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March 22, 2006

Ferrari Blind-Spot

Donald Pittenger writes:

Dear Blowhards --

I confess I'm a Car Guy. When I was a kid I wanted to style cars when I grew up. I love to drive 'em. I have years of back-issues of Road & Track and Automobile Quarterly.

So I'm really hard-core, right?


I have this other confession to make. You see, I've uh, never exactly been a Ferrari fanatic. No. Not ever.

Well, there goes my reputation.

Maybe it's a case of having been born at just the wrong time. Although Enzo Ferrari was active in car racing between the world wars and began to develop his own cars, a Ferrari racer didn't appear until 1947 and it was two more years before a sports car was introduced.

I began paying serious attention to European cars in the early 1950s when I was in junior high school. By that time Ferrari was already something of a cult and the reason why almost certainly had to do with the fact that Ferraris were powered by V-12 engines.

So what's the big deal about V-12s? -- several luxury-car brands offer them these days. The big deal was that Ferrari was just about the only car with a V-12 in the early 50s. Such motors were found in a number of 1920s and 1930s luxury cars including Packard and Cadillac. Lincoln sold V-12s through the 1948 model year, but that was the end of it in America at least. Car Guys who grew up in the 20s and 30s were really excited about V-12s and got depressed when they went out of production. Then presto! here came this new Italian-built V-12 that powered both racing cars and sports cars. Time to fall in love again.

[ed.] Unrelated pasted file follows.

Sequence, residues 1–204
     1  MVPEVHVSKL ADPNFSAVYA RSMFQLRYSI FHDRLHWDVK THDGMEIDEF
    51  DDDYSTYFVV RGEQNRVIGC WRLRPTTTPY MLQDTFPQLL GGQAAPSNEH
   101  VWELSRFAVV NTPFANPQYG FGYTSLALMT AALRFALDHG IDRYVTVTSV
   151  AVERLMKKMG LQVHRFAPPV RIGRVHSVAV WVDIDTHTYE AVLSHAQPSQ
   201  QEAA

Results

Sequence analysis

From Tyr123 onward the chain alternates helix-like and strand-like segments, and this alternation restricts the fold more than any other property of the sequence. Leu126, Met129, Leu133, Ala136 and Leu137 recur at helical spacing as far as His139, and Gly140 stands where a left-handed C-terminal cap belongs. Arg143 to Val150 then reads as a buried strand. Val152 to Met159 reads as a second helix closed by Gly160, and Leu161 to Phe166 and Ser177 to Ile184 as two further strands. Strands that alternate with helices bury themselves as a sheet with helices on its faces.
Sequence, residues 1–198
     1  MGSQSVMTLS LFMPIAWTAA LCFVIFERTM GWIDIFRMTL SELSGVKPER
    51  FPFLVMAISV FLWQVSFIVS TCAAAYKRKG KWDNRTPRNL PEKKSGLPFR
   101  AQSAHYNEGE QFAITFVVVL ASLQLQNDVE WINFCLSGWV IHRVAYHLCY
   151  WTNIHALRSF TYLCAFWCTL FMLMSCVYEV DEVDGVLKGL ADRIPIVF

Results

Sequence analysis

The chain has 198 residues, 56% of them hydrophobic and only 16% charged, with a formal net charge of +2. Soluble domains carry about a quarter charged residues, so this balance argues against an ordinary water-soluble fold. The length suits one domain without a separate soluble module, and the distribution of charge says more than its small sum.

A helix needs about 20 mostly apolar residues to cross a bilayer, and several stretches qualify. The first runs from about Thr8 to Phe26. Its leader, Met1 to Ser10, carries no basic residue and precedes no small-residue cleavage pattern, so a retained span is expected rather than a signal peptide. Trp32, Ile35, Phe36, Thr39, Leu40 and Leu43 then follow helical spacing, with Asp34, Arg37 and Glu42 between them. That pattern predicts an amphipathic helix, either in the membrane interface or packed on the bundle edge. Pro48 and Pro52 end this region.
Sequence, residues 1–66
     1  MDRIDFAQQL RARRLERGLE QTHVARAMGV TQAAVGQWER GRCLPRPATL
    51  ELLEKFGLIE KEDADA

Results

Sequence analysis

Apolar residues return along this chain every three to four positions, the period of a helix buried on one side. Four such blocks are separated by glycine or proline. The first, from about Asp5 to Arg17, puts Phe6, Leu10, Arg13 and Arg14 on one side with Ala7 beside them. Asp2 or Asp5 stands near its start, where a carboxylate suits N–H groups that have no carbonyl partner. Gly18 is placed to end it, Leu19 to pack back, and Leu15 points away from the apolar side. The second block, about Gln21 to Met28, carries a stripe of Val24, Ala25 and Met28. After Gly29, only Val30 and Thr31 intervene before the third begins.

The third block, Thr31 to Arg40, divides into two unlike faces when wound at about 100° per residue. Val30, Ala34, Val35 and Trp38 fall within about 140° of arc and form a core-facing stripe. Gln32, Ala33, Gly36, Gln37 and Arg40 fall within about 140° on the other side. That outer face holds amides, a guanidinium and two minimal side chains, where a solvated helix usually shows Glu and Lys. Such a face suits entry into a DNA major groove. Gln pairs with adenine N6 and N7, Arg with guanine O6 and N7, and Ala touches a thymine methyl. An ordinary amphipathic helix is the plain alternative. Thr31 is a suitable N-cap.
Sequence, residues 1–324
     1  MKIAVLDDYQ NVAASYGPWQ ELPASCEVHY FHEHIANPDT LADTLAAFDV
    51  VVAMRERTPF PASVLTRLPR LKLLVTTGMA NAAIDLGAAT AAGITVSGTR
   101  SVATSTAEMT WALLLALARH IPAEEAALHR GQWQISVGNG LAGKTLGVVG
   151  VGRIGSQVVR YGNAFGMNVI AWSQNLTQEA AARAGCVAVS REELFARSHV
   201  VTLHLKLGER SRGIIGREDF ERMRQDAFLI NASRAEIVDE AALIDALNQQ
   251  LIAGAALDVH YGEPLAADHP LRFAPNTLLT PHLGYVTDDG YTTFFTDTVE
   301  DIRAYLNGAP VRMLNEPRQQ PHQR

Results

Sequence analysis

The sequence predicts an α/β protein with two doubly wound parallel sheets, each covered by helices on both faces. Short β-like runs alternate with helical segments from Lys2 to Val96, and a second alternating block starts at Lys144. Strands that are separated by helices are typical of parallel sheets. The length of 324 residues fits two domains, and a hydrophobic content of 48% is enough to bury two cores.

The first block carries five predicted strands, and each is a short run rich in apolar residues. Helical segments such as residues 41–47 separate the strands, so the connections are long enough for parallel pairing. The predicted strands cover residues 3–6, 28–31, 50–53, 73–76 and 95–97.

However I missed the 1920s entirely, saw just the last two months of the 1930s, and only became car-conscious in the late 1940s. I had missed the V-12 experience. I hadn't lived the history that set up the instant mystique for Ferrari. For me it was "Okay, a V-12 is a nice thing. Yes I read that those fancy Thirties cars had 'em, and that was nice too. But sorry, I just can't get excited."

Even though the engine was a non-issue for me, I did like the styling of many custom-bodied Ferrari sports and Grand Touring cars of the early and mid-1950s. Back then, several coachbuilders supplied bodies for Ferrari, and there was a lot of variety. Sadly (to me) this ended in 1957 when the Pininfarina (todayís name) car styling and body-building firm became essentially the sole supplier of Ferrari non-racing bodies.

At the time Ferrari made the deal with Pininfarina, Farina was still a hot hand in Italian carrozzeria circles, but already slipping, in my opinion. Another reason for selecting Farina might have been because his firm could deliver bodies at a higher rate than his competitors.

I think Iíll hold off on getting into detail on Italian coach building firms -- itís a topic that could chew up several posts. Let me just assert that, in my judgment, Pininfarinaís work since the early Sixties has been competent, but seldom outstanding.

Yet another reason for the Ferrari mystique has been the firmís commitment to racing. Other car makers aside from specialist firms have tended to dabble in racing, doing it when they think it necessary. Examples of dabblers include Mercedes-Benz, Jaguar and Honda.